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All is changed

THE political landscape is set to be transformed today after a surge in voter turnout in the historic 2011 General Election.

Voters vengeful over the economic collapse turned out in their droves yesterday to give their verdict after three weeks of campaigning.

Fianna Fail is now facing an even bigger hammering after dominating Irish politics for more than 80 years, while Fine Gael will be propelled into office with leader Enda Kenny crowned Taoiseach.

The only question that remains is whether Mr Kenny will rule a majority government after sweeping into power with a landslide victory, or whether he will have to go into coalition either with Labour or a collection of Independents.

Labour, Sinn Fein and a host of left-wing and Independent candidates are also expected to be boosted by the high turnout.

Fianna Fail is braced for its worst-ever result in a general election, with the party hopeful of holding just under half its votes from 2007 and retaining up to 30 of its 78 seats. It hoped for a low turnout -- one endangered Cork-based Fianna Fail TD said he had been "praying for rain" -- but the fine weather contributed to a steady stream of voters throughout the day.

With voters bent on punishing Fianna Fail for the economic recession, Fine Gael was bullish about getting close to an overall majority of 83-plus seats in the 31st Dail.

A senior Fine Gael strategist said it was still "definitely in play" -- and predicted that the high turnout would benefit his party far more than Fianna Fail.

"I would genuinely think that people are voting for change and the strongest message for change has been ours. They are unlikely to be coming out in large numbers voting for Fianna Fail," he said.

But there is an acknowledgement in Fine Gael that other opposition parties will also benefit from the higher voter turnout, with one party source saying it was "good for everybody except incumbents".

Labour director of elections Ruairi Quinn said the high turnout was bad news for Fianna Fail -- and good for his party.

"There's been a massive swing back to Labour in terms of personal support during the campaign," he said.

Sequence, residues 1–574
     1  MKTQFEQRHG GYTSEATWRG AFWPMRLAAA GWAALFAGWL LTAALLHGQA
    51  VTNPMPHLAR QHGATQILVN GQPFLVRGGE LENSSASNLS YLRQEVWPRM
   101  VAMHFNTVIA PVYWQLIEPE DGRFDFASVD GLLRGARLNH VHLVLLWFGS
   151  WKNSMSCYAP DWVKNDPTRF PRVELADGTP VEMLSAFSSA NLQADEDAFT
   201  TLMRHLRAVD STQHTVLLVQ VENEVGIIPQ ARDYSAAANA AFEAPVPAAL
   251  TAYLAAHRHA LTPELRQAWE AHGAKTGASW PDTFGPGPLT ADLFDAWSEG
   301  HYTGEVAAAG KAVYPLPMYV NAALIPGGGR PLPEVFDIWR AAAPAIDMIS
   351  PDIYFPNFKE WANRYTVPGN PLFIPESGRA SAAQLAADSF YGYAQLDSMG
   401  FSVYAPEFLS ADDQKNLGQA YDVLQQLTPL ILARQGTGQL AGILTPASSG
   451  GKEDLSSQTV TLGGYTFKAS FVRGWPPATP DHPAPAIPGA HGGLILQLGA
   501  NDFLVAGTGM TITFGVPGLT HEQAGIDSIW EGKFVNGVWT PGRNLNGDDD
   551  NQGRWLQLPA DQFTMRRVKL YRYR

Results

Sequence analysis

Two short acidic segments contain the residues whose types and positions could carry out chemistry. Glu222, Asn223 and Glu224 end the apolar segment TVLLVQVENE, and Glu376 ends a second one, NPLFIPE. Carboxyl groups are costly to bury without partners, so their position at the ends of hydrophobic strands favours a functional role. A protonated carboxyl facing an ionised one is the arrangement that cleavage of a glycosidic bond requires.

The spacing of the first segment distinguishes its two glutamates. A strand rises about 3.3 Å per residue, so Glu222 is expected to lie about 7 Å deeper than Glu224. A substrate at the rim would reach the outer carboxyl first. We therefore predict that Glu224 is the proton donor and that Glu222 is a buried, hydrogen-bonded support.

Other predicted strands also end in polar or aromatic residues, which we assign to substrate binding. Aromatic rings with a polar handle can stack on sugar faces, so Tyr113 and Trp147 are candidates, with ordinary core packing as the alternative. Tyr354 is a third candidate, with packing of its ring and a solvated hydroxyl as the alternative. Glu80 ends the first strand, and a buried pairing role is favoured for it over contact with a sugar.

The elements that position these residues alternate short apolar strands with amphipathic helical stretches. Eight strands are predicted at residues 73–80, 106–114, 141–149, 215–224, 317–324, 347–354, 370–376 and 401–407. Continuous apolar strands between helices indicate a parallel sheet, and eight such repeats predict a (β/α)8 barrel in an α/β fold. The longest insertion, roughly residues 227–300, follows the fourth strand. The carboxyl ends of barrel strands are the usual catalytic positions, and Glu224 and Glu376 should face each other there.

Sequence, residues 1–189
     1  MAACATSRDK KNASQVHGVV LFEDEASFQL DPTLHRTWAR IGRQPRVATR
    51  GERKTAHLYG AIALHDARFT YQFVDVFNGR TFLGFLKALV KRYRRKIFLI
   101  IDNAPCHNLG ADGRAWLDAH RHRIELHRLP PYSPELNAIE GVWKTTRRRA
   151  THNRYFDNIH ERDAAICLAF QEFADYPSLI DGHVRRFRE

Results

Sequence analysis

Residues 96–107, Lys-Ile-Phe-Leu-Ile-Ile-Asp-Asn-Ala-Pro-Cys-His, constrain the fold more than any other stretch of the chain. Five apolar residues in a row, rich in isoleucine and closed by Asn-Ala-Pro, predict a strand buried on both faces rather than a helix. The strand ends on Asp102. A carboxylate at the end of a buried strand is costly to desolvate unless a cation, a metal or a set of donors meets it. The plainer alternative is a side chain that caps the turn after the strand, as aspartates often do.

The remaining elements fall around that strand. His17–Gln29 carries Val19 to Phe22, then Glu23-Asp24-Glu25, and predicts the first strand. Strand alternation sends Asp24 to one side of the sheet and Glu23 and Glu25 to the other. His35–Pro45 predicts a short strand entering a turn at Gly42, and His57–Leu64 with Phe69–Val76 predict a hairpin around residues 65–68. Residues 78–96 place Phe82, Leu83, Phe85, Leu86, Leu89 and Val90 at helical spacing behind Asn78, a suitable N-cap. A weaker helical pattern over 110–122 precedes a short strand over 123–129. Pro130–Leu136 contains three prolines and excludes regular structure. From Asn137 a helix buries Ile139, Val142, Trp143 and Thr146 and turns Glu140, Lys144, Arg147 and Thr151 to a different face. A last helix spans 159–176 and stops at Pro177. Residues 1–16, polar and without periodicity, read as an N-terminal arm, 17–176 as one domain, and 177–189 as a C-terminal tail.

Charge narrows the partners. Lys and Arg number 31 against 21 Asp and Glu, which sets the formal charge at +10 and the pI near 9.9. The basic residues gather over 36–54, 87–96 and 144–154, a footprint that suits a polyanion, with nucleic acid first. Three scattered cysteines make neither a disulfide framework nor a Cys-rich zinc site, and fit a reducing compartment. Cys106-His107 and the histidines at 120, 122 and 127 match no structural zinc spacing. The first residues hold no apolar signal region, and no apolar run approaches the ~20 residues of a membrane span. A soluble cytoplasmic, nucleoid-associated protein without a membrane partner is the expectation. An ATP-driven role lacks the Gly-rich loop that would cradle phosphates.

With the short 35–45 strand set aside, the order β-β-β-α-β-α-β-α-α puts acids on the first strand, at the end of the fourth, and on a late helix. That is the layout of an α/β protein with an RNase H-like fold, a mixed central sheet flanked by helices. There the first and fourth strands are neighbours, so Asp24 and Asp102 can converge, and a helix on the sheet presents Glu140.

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There were reports of strong voting activity nationwide. In total, 3.2 million voters were entitled to cast their votes at 6,000 polling stations yesterday. Two voters turned up outside a polling station in Ballincollig, Co Cork, at 6.50am to cast their ballots when it opened 10 minutes later.

Both were due to catch a flight to London but were adamant they wanted to cast their votes in the Cork North West constituency before they left.

Trinity College political scientist Professor Michael Marsh said there were good reasons to expect a high turnout.

"People are more interested in politics than they have been for some time and many of them are very angry and want to do something. All that will increase turnout," he said.

There was a 67pc turnout in the last general election.

But Prof Marsh said there were other factors which might lower the turnout, such as the possibility that many disillusioned Fianna Fail voters might just stay at home.

And he said it would be very hard to get an accurate turnout figure -- because the 3.2 million people on the register included tens of thousands who had emigrated and could not vote.

The impact of emigration was visible at the polling station in the Teagasc office in Longford town, according to its presiding officer Maggie Curley.

"I noticed mammies saying that their son or daughter won't be here to vote because they're abroad. That was sad and it's a sign of the times," she said.

In Wexford, 41pc of voters had cast their votes before tea-time, when voter numbers are traditionally boosted by another 30pc. Voting across Galway was brisk, with just over 30pc having voted by 5pm.

There was also a high turnout in Dublin -- with one polling station in the Dublin North East constituency recording a 48pc turnout before the tea-time rush. There was a strong early 40pc turnout in the Dublin South East constituency, where Green Party leader John Gormley is fighting to hold on to his seat.


Sinn Fein was organising mini-buses in Dublin South Central to get voters out. Its candidate Aengus O Snodaigh said the turnout was 3-4pc higher in most polling stations in the constituency than in 2007.

Mr Kenny's director of elections, Senator Paddy Burke, said he was confident that Fine Gael could take an historic four out of five seats in his Mayo constituency -- with one polling station in Castlebar registering a 46pc turnout by late afternoon.

But Fianna Fail director of elections Tony Killeen said a high turnout might not necessarily be bad for the party.

But one polling station co-ordinator in South Tipperary said staff had noticed a lot of the "die-hard" Fianna Fail supporters were staying at home.

In a sign of increasing desperation, Fianna Fail sent out emails from leader Micheal Martin and deputy leader Mary Hanafin to ask people to "call a friend" to get them to vote. Ms Hanafin said it could "grab us a few extra seats".

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